Fuel shortages continue to plague France as a nationwide strike against the government’s plans to cut pensions enters its second week. Workers at three of France’s 12 refineries voted to return to work, but workers at seven other refineries voted to extend strike as the government scrambles to restock empty gas pumps.

Workers represented by CFDT at the Esso refineries at Fos-sur-Mer on the Mediterranean and Gravenchon on the north coast voted on Monday to return to work.

CFDT members at a Reichstett Petroplus refinery near Strasbourg in Alsace also voted to return to work. Reichstett workers had been on strike since October 15 to protest Petroplus’ plan to downgrade the refinery to a fuel depot. The strikers voted to return to work to ease local fuel shortages and win goodwill in hopes of gaining local support for persuading Petroplus, a Swiss company, to keep the refinery open.

“We stopped work for a specific reason, even if we are in solidarity with the national strike,” said Jean-Luc Bildstein of the CFDT. “We want our site to be safeguarded in its entirety and for our jobs to be maintained.”

Meanwhile workers at seven other refineries including all six of the refineries owned by Total, France’s largest oil company, voted to continue their strike.

At the Total Grandpuits refinery near Paris where workers were forced back to work by a government requisition, most workers remained on strike after a court overturned the original requisition, an order issued by the government requiring workers to return to work.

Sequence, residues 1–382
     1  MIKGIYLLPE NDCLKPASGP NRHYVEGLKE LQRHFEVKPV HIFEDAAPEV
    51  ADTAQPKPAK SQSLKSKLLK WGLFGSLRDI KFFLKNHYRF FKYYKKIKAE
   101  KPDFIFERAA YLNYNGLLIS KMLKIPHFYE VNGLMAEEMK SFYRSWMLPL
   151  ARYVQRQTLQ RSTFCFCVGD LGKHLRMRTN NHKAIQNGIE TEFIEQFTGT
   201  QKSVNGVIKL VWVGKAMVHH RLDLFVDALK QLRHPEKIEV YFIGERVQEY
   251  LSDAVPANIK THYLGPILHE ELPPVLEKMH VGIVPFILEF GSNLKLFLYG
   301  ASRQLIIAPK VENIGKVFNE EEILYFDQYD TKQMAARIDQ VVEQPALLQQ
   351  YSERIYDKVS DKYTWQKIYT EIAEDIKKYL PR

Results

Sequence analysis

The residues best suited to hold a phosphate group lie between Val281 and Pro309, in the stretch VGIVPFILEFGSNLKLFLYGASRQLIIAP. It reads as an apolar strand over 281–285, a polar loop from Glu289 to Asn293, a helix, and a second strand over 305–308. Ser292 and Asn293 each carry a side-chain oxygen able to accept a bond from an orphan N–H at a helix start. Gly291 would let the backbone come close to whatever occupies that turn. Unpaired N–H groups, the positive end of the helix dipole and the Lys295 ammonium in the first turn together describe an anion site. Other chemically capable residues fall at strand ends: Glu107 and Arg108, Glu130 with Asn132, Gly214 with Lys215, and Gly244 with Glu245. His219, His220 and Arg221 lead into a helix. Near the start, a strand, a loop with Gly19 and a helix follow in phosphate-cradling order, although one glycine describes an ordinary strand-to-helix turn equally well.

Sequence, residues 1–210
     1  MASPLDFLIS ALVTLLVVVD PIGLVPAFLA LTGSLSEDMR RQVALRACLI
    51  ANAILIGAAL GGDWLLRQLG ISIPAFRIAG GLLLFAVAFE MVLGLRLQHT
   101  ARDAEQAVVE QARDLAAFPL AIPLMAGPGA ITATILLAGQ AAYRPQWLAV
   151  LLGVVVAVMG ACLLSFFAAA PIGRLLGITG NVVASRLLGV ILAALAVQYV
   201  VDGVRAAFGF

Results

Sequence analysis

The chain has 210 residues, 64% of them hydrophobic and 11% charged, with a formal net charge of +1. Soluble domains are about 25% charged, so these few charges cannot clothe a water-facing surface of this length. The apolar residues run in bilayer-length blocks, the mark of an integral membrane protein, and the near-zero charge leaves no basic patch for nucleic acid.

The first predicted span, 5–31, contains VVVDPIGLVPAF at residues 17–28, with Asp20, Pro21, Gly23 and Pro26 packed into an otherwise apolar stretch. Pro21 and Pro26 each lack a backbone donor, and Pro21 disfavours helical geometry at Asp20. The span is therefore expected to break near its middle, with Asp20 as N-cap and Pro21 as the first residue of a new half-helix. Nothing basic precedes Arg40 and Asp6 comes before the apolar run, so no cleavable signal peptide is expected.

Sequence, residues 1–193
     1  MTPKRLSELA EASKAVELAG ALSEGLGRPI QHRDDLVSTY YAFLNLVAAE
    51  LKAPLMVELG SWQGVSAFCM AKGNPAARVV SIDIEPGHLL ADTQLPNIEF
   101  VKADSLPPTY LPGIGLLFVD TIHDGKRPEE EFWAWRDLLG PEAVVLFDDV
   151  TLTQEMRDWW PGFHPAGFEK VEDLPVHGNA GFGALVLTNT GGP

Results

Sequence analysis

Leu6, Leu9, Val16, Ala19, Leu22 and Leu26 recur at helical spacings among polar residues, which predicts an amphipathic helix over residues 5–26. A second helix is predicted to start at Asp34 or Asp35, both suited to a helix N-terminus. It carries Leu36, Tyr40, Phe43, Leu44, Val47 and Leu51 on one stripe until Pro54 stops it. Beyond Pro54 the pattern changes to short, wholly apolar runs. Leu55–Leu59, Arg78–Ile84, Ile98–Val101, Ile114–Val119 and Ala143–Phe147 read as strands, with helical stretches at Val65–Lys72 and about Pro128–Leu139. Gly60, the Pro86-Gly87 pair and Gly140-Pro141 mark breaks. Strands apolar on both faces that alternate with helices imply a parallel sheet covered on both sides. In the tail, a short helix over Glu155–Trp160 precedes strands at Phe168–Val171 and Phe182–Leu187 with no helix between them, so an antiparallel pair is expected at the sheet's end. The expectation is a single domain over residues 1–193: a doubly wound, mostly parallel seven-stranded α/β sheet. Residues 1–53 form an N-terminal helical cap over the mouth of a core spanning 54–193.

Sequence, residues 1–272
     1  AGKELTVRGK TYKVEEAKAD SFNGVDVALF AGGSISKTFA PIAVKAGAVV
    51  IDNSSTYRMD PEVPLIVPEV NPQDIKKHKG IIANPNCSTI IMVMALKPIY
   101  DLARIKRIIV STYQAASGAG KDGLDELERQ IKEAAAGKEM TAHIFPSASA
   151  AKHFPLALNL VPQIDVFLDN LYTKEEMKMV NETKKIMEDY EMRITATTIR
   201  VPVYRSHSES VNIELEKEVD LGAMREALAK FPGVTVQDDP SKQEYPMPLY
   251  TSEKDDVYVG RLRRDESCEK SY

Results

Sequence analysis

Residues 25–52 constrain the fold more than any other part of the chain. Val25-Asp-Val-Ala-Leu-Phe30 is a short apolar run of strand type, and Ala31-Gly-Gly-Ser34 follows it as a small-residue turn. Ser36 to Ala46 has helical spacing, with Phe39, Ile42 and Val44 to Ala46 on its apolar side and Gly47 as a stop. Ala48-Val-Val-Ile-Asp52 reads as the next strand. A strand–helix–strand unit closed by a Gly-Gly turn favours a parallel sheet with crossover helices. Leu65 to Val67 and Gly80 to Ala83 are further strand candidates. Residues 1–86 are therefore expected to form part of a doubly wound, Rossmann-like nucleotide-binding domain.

After the original requisition was overturned, the government obtained another one that requires only workers who refuel fuel trucks at Grandpuits to return to work. These workers remain on the job, but on Monday CGT, the union representing Total workers, was appealing the new requisition.

As France tried to open for business Monday morning, motorists in some parts of the country were having a hard time finding gas. Gas shortages were most severe in Normandy and Centre provinces where 71 percent to 92 percent of the gas stations were reporting shortages. Gas shortages persisted in Paris, Provence, Brittany, and Pay de la Loire where 48 percent to 70 percent of the gas stations were reporting shortages.

Small business owners complained over the weekend that the fuel shortages were hurting their businesses and the economy as a whole.  The General Confederation of Small and Medium Enterprises issued a statement saying, “The economic recovery that was under way before the strike has suffered a severe setback because of the fuel shortages.”